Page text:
Allocation MapsThe allocation map records the allocation status (free or in-use) of all disk blocks in the file system. Since each disk block can be divided into up to 32 subblocks to store data for small files, the allocation map contains 32 bits per disk block as well as linked lists for finding a free disk block or a subblock of a particular size efficiently. For each GPFS file system, one of the nodes in the cluster is responsible for maintaining free space statistics about all allocation regions. This allocation manager node initializes free space statistics by reading the allocation map when the file system is mounted.

Token Manager ScalingThe token manager keeps track of all lock tokens granted to all nodes in the cluster. GPFS uses a number of optimizations in the token protocol that significantly reduce the cost of token management and improve response time as well. When it is necessary to revoke a token, it is the responsibility of the revoking node to send revoke messages to all nodes that are holding the token in a conflicting mode, to collect replies from these nodes, and to forward these as a single message to the token manager. Acquiring a token will never require more than two messages to the token manager, regardless of how many nodes may be holding the token in a conflicting mode. The protocol also supports token prefetch and token request batching, which allow acquiring multiple tokens in a single message to the token manager.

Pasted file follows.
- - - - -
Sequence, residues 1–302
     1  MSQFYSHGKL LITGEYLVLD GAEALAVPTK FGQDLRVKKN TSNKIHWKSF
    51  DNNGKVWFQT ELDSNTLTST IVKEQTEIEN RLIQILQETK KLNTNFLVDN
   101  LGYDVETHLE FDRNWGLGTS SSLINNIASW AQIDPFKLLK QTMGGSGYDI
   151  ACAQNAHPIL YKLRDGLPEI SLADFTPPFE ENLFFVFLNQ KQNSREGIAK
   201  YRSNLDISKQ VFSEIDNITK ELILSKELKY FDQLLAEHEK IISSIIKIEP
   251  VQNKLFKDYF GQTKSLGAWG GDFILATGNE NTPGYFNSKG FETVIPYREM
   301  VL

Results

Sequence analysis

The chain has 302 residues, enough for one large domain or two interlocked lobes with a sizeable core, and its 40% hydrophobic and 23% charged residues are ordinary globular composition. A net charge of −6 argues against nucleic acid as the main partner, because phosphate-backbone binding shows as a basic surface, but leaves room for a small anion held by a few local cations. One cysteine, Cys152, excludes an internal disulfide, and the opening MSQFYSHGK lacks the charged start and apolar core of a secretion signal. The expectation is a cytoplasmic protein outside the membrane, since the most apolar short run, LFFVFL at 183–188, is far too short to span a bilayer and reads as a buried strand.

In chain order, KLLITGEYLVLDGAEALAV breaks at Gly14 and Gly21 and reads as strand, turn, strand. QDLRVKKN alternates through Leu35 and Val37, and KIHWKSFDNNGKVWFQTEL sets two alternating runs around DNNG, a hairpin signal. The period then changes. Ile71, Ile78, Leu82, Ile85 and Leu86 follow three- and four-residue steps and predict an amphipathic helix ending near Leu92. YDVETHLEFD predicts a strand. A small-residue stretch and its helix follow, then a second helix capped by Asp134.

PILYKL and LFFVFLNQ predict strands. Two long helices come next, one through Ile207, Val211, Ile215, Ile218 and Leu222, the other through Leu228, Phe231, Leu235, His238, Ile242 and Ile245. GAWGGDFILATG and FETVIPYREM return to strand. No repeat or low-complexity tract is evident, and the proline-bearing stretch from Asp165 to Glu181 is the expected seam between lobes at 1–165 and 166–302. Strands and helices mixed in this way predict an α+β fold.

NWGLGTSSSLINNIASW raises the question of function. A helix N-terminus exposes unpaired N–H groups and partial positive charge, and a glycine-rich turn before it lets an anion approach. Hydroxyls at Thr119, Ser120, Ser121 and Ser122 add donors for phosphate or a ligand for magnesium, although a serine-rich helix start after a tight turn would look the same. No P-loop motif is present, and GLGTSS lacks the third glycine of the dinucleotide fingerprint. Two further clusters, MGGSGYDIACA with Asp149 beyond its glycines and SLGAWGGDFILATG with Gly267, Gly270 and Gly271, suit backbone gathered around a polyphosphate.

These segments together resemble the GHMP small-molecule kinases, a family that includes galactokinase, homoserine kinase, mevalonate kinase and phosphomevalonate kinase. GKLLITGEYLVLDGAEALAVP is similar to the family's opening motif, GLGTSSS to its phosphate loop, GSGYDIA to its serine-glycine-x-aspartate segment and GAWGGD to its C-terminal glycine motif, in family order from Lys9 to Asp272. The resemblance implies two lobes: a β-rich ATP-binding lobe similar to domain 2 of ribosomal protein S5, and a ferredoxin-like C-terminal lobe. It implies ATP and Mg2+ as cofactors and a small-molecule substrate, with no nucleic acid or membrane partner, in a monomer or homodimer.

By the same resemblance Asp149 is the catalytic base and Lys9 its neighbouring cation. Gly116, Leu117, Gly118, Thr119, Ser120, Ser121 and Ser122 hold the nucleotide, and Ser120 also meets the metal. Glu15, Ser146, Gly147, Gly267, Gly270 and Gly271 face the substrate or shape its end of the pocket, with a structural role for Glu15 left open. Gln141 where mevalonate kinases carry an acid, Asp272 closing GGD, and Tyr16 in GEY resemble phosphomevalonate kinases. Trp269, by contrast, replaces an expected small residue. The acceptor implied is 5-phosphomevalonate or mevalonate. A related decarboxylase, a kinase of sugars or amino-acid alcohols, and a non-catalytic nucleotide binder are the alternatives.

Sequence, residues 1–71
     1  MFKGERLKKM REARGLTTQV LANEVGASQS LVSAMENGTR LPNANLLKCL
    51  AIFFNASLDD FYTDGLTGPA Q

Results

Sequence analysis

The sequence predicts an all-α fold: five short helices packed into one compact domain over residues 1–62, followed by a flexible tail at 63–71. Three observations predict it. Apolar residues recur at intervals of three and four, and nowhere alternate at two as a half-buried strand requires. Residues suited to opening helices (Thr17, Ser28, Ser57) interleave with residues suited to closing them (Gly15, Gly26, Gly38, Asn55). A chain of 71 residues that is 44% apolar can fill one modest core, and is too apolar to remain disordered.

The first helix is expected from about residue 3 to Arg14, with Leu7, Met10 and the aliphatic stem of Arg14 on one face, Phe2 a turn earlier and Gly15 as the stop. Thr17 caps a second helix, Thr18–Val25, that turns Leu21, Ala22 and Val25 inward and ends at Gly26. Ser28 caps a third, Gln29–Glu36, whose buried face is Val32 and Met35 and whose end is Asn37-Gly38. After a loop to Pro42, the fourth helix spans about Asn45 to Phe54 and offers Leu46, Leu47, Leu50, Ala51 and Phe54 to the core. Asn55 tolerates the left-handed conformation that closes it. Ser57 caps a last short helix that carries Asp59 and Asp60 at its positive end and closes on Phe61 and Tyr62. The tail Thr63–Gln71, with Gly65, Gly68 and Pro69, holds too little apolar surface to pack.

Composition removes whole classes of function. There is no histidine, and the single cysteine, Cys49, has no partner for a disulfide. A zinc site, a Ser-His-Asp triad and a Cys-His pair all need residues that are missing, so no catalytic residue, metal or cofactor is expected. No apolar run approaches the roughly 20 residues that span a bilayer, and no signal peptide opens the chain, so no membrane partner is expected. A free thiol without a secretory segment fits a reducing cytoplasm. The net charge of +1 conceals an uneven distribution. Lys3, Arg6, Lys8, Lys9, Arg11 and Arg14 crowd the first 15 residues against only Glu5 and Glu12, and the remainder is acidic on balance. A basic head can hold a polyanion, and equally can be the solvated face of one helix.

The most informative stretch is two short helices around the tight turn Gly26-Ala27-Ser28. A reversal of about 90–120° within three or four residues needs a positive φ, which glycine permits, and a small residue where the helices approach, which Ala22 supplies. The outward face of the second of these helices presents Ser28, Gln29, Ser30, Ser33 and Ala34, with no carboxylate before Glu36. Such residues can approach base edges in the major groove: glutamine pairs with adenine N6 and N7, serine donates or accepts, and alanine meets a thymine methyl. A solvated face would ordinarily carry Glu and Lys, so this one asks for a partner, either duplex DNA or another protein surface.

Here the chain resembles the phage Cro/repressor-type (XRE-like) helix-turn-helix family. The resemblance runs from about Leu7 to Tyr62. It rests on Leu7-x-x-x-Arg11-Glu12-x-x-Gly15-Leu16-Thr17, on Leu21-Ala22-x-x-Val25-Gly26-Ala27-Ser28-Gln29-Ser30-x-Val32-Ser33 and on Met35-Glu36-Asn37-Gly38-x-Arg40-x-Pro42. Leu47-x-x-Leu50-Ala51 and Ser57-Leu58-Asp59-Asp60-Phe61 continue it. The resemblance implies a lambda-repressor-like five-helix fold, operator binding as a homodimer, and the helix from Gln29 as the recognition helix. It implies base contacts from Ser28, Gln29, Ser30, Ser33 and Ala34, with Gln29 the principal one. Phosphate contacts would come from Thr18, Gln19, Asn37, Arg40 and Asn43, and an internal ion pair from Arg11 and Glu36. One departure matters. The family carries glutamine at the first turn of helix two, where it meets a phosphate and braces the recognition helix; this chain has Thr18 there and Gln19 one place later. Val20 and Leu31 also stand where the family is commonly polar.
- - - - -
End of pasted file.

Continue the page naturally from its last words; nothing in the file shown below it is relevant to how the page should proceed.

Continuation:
Fault ToleranceNode FailuresUpdated by other nodes containing the logsCommunication FailuresThe network is divided and access provided only to the group containing majority of nodesDisk FailuresDual attached RAID for redundancy. File Systems: Internet Services Vs. HPCIntroductionLeading Internet services have designed and implemented file systems from-scratch to provide high performance for their anticipated application workloads and usage scenarios. Leading examples of such Internet services file systems, as we will call them, include the Google file system (GoogleFS), Amazon Simple Storage Service (S3) and the open-source Hadoop distribute file system (HDFS). Another style of computing at a comparable scale and with a growing market place [24] is high performance computing (HPC). Like Internet applications, HPC applications are often data- intensive and run in parallel on large clusters (supercomputers). These applications use parallel file systems for highly scalable and concurrent storage I/O. Examples of parallel file systems include IBMs GPFS, Suns LustreFS, and the open source Parallel Virtual file system (PVFS).

[2] [4]Comparison

Experimental EvaluationImplemented a shim layer that uses Hadoops extensible abstract file system API (org.apache.hadoop.fs.FileSystem)